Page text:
So much of the pleasure derived from food – and eating – is dependent on the setting. Even the most committed foodie will be hard pressed to remember every detail of a gourmet meal in a stuffy, antiquated dining room, yet they could describe a fairground hotdog down to the last succulent sliver of translucent onion. Food is all about the consummate eating experience. A risotto, made simply from the freshest ruby-red tomatoes, eaten beneath the gentle rustling of trees groaning under the weight of buxom Tuscan lemons, will live long in the memory. So will a paper parcel of crisply battered fish and chips, consumed on a blistering summer’s day as the molten, vinegar-laden chips burn your mouth and fingertips. And who doesn’t remember their first ice cream? The eagerly awaited, day-glo wrapped package, passed down from the depths of that mysterious ice-cream van with its bottomless freezer of goodies and its ephemeral tune. Food is synonymous with memories: it feeds our souls as well as our bodies, and it connects us to cherished moments.
I remember baking apple scones alongside my great-grandmother, perched on a high paisley-patterned stool so that I could reach the worktop, my tongue poking out in concentration as I measured each ingredient with painstaking care, using a teaspoon to remove a smidgen of flour here, a speck of sugar there, until the number on the scales was perfect. We would shape and cut out the scones together, then pop them in the oven and crouch by the door, mouths watering in anticipation as the puffy clouds of dough expanded into majestic, golden-crusted scones. They were eaten still steaming from the oven, creamy butter spread liberally over the juicy chunks of apple and the moist, crumbly cake. Even now, the smell of freshly baked scones takes me back to that kitchen, and the love that was there: the love of good food, and of sharing it with family. Everybody needs a dollop of love once in a while, and what better way to serve it up than atop a scone?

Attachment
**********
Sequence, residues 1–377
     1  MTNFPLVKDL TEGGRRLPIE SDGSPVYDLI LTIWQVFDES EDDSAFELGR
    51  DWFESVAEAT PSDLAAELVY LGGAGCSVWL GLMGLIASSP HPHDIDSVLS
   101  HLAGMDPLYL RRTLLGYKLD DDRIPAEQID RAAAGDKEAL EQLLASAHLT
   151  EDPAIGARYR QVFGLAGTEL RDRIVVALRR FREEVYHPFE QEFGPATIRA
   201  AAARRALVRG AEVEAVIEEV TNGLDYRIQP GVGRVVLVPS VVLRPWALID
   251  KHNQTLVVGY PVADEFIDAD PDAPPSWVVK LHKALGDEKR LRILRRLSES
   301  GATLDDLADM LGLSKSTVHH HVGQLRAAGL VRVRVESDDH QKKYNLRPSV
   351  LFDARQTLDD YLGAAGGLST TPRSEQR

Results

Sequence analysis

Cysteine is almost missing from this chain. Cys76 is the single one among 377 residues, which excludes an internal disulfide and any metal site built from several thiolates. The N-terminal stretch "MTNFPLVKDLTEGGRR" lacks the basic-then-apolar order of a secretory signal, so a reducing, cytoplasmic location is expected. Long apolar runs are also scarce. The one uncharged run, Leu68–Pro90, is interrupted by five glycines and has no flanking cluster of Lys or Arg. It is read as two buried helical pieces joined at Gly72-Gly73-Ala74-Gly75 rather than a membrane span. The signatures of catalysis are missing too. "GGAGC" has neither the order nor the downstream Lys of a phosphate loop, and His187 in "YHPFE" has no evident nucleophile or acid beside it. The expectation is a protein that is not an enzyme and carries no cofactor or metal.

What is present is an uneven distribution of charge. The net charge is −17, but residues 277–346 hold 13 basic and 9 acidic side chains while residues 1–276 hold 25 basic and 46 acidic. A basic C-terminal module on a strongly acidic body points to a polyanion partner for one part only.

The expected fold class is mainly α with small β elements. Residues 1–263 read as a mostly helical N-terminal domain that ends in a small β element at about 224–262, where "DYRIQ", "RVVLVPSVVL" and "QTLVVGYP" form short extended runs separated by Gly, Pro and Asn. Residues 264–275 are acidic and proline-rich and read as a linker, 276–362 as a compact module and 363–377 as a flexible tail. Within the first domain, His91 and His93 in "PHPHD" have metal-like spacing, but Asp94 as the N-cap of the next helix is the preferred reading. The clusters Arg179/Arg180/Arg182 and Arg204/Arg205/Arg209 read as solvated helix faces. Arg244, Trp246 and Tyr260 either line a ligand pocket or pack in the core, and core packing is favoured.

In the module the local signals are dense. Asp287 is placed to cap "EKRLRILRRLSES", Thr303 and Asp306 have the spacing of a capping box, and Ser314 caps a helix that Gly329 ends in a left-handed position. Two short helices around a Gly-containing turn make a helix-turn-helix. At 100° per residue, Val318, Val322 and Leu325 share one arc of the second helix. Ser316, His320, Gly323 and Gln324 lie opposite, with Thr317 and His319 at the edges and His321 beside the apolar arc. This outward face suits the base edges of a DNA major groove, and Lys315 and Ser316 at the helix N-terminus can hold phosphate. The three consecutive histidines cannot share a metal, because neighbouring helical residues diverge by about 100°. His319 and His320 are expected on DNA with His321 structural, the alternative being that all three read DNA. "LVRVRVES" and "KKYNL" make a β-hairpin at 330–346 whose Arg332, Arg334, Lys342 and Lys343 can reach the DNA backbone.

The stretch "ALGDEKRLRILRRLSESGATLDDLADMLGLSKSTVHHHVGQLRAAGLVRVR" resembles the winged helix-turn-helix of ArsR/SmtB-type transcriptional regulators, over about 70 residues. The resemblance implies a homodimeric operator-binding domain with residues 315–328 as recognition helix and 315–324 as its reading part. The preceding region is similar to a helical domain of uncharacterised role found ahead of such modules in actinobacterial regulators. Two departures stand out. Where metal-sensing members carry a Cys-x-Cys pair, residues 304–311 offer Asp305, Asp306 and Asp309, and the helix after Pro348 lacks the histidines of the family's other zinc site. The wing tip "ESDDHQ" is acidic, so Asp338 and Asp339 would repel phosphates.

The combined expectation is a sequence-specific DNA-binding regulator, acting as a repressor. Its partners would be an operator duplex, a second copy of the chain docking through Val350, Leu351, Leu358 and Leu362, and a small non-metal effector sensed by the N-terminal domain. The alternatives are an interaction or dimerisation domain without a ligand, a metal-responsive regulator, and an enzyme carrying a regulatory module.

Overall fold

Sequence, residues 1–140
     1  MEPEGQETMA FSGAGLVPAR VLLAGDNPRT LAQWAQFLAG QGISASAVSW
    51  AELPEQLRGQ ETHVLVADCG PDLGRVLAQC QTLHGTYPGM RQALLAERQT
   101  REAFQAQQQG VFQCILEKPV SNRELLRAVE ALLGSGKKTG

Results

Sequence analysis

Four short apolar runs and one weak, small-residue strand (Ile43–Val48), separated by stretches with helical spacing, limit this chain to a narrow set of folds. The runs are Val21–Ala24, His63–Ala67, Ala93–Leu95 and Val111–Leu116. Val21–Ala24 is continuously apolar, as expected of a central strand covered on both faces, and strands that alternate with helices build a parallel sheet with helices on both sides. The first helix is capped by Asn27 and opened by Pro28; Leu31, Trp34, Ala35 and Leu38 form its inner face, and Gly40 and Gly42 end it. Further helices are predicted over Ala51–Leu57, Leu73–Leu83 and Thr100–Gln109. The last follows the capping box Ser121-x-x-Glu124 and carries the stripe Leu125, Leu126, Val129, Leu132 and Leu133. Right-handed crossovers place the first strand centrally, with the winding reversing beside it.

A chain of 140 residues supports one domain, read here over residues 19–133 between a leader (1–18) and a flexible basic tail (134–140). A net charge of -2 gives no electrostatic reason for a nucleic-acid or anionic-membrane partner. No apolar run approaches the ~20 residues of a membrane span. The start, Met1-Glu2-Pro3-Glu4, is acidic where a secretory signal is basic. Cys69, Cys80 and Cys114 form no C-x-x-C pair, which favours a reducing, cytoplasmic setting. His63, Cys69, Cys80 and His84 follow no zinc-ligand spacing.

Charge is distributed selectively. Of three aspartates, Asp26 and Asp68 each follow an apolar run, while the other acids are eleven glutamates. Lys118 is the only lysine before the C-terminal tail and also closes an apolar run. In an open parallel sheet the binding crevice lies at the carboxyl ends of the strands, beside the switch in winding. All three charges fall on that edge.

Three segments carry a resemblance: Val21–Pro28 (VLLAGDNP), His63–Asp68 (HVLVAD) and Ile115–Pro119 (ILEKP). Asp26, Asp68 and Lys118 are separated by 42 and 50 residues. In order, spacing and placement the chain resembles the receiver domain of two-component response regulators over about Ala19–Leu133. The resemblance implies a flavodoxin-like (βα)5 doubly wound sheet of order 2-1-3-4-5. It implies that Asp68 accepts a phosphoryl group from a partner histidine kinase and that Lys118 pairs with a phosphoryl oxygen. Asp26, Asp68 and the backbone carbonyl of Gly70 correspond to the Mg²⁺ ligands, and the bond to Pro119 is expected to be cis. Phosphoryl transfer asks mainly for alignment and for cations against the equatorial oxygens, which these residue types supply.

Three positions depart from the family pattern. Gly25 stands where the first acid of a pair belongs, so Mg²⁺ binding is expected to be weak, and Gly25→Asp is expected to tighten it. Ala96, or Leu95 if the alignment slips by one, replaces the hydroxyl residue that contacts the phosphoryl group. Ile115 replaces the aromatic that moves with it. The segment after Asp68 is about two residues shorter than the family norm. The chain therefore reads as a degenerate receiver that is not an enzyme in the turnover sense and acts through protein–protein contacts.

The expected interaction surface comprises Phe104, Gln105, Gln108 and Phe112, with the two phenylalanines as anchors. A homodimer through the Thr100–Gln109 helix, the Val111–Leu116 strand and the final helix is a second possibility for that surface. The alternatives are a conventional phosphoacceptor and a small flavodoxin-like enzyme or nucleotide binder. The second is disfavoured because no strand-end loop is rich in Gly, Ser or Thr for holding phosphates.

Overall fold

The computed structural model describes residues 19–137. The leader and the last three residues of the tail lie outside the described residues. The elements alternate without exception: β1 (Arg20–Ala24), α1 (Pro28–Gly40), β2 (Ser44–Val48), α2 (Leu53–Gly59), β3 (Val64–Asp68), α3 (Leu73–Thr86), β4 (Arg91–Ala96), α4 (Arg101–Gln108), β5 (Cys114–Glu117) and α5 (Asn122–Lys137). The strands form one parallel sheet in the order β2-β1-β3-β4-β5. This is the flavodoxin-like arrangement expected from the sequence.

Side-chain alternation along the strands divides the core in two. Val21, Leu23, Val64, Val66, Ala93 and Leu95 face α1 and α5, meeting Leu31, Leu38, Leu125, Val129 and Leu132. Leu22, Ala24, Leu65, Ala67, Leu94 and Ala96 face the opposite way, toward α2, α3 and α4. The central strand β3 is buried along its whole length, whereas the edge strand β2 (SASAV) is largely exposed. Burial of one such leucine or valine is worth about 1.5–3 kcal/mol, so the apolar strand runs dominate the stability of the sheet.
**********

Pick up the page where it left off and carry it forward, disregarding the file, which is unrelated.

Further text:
It was my nana that first put a wooden spoon into my hand, almost before I could walk, and by the age of three I had made my first cupcakes. They were a true labour of love, charmingly wonky, the decorative hundreds and thousands flung liberally upon their snowy, butter-creamed tops with a toddler’s panache. Next came the jam tarts, made from nana’s memory; I was instructed to handle the pastry with infinite care until it came together in a gloriously golden ball. Then which jam to use? Strawberry for me, and apricot for nana. The little tarts were whipped out of the oven perfectly bronzed, their iridescent centres gleaming, and we sampled them from the tray, lips and fingers rendered sinfully sticky by the oozing jam. Through baking, it was my nana that taught me not to be afraid to try things, to experiment with ingredients and to respect the humble components that, with care and thought, could produce something sensational. Everything had to be done by hand, and today I still baulk at the thought of using a food processor. I like to feel the cake batter thicken against my wooden spoon, to experience the thrill of knowing when bread dough has reached the perfect point of elasticity beneath my hands. I remember the time when those hands were nana’s, showing me the skills that I now replicate when I bake for her. Nothing makes me happier than producing a cake for my nana, because it is something that will always link us together, a product of all that she has instilled in me. It is not just a cake.